X)E KBETSEE J.—Per era. and At. tale.
1944Present: Soertsz J.
PERERA v. PUNCHI APPUHAMY et al.
669-670—M. C. Negombo, 38,294.
Supreme Court—Power to make an order under chapter 26 of Criminal Procedure-Code—Criminal Procedure Code, s. 347.
The Supreme Court has power under section 347 (b) of the CriminalProcedure Code to make an order under Chapter 26 of the Code in the-exercise of its jurisdiction in appeal or in revision.
A PPEAL from a conviction by the Magistrate of Negombo.
M.T. de S. Amaresekere, K.C. (with him H. W. Jayawardene), for thefirst accused, appellant.
A. G. Alles, C.C., for the complainant, respondent.
Cut. adv. vult.
February 9, 1944. Soertsz J.—
Having regard to the character, antecedents, and age of the appellant,an Ayurvedic Physician some 57 years old, in good practice for manyyears, and with nothing against him till he succumbed to this temptationunder strong pressure, it would appear, by his co-accused, I have decidedto accede to the appeal made to me to give the appellant the benefit ofthe provisions of Chapter 26 of the Criminal Procedure Code.
The question, however, arises whether it is competent for me on appealto make an order under that chapter, or whether the proper course is tosend the case back to the magistrate with a direction to him to make anorder under it. This question confronted my brother Wijeyewardene J.in the case of Fernando v. Altois1 which came before him on an applicationfor revision. In that case the accused had been convicted on his ownplea of the offence of criminal breach of trust and had been sentenced toa term of 3 months' rigorous imprisonment. Wijeyewardene J. was ofopinion that the case was one to be dealt with under Chapter 26, but,dubitanter, if I read his judgment aright, took the view that he wouldnot be justified by section 347 (b) of the Criminal Procedure Code, if hehimself set aside the conviction and ordered the accused to enter into abond. Accordingly, he proceeded to make the following order: —
“ I would, therefore, set aside the conviction pro forma and remit theproceedings to the Magistrate with a direction to him to discharge the
i 44 N. t. R. 221.
SOERTSZ J.—Perera and Punch-i Appuhamy.
accused conditionally under section 325…. on the accused
entering into a bond in such a sum and with such sureties as theMagistrate may consider adequate. The bond will provide for theaccused appearing for conviction and sentence when called on at anytime within two years.”
If I may say so, with great respect, it appears to me that when Wijeye-vvardene J. made that order he did just what he doubted he could do.He set aside the conviction and ordered the accused to enter into a bond,and all that remained for the Magistrate to do was to communicate theorder to the accused and to give him an opportunity to carry it out.It is of no material consequence that the couvietion was set aside proforma or that amount of the bond and the number of sureties were left inthe discretion of the Magistrate. If it was competent for this Court todirect that the bond should operate for two years, and that the accusedshould appear if called on within that period, it was equally competentfor it to fix the amount of the bond, and the number of sureties, if itchose to do so. But suppose Wijeyewardene -J. carried his doubt to itslogic'll conclusion and sent the case back without any directions, inorder that the Magistrate might consider the applicability of chapter 26to the facts of the case, then it would have been open to the Magistrate tosay that he did not think the case was an appropriate one for the chapterand in the result the opinion of this Court that it was such a case wouldhe ineffective. If, however, the case is remitted to the Magistrate with adirection to him to apply chapter 26, it seems to me that that wouldbe to compel the Magistrate to exercise not his discretion but ours.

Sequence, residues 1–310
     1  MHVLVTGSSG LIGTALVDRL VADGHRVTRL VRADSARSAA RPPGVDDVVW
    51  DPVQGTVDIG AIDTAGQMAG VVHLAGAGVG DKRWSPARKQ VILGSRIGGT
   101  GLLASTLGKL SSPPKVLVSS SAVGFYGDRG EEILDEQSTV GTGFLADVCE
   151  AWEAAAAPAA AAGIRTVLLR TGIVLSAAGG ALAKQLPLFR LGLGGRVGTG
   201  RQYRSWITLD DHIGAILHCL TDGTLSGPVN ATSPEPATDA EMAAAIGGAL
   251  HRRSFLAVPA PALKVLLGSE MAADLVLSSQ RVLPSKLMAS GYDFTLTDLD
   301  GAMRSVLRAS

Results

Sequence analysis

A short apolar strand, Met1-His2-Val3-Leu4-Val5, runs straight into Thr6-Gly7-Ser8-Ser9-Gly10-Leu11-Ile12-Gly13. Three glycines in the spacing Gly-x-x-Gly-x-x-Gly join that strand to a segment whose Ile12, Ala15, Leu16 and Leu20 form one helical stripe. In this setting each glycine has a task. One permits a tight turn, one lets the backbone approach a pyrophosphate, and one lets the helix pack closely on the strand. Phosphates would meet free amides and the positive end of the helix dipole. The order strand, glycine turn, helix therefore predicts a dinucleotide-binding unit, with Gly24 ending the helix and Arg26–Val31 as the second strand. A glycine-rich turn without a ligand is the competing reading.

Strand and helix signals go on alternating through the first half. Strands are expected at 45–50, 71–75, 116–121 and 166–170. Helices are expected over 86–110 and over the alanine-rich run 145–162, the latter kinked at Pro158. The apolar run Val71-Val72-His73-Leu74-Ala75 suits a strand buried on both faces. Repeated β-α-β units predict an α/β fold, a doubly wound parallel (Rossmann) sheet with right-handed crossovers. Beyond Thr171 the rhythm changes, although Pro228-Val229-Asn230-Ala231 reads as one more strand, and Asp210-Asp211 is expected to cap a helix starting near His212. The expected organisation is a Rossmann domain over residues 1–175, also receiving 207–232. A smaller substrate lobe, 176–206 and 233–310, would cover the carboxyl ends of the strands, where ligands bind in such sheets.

In my opinion section 347 (b) amply authorises this Court to make anorder under chapter 26 on appeal. It provides inter alia that ‘‘at thehearing of the appeal the Court may … in an appeal from a
conviction alter the verdict maintaining the sentence or with or withoutaltering the verdict increase or reduce the amount of the sentence or thenature thereof ”. Although it seems to me that there is a slight confusionof verbs in the concluding part of the sentence in that as it standsit implies an “ increase ” or “ reduction ” of the “ nature ” of the" punishment ”, when “ alter ” would have been the more appropriateverb to be applied when dealing with the nature of the punishment, yetthe meaning is quite clear.
The section leaves it open to this Court to alter the verdict only, or toleave the verdict as it stands and to (a) increase the amount or (b) to reducethe amount of punishment or (c) alter the nature of the punishment. Whenthis Court acts under chapter 26, it must leave the verdict as it stands fora verdict of guilty, that is to say, that the charge has been proved is thefoundation for the application of chapter 26 but it altera the nature of thesentence or punishment.
Section 357 of the Criminal Procedure Code gives this Court the samepowers in revision except that it enacts that this Court may not convertan order of acquittal into one of conviction. For these reasons I woulddeal with the accused myself and direct that he shall be released on hisentering into a bond in a sum of Rs. 500 with two sureties to be of goodbehaviour and to appear for sentence at any time within two years on
HEABNE J.—Jnan. A.ppu and Perera.
being called on to do so. He will also pay Es. 150 ascomplainant and B,s. 100 as costs of the proceedings,are not fulfilled within three weeks of the record goingand sentence will stand.
The appeal of the other appellant is dismissed.
compensation to the-If these conditionsback the conviction
PERERA v. PUNCHI APPUHAMY et al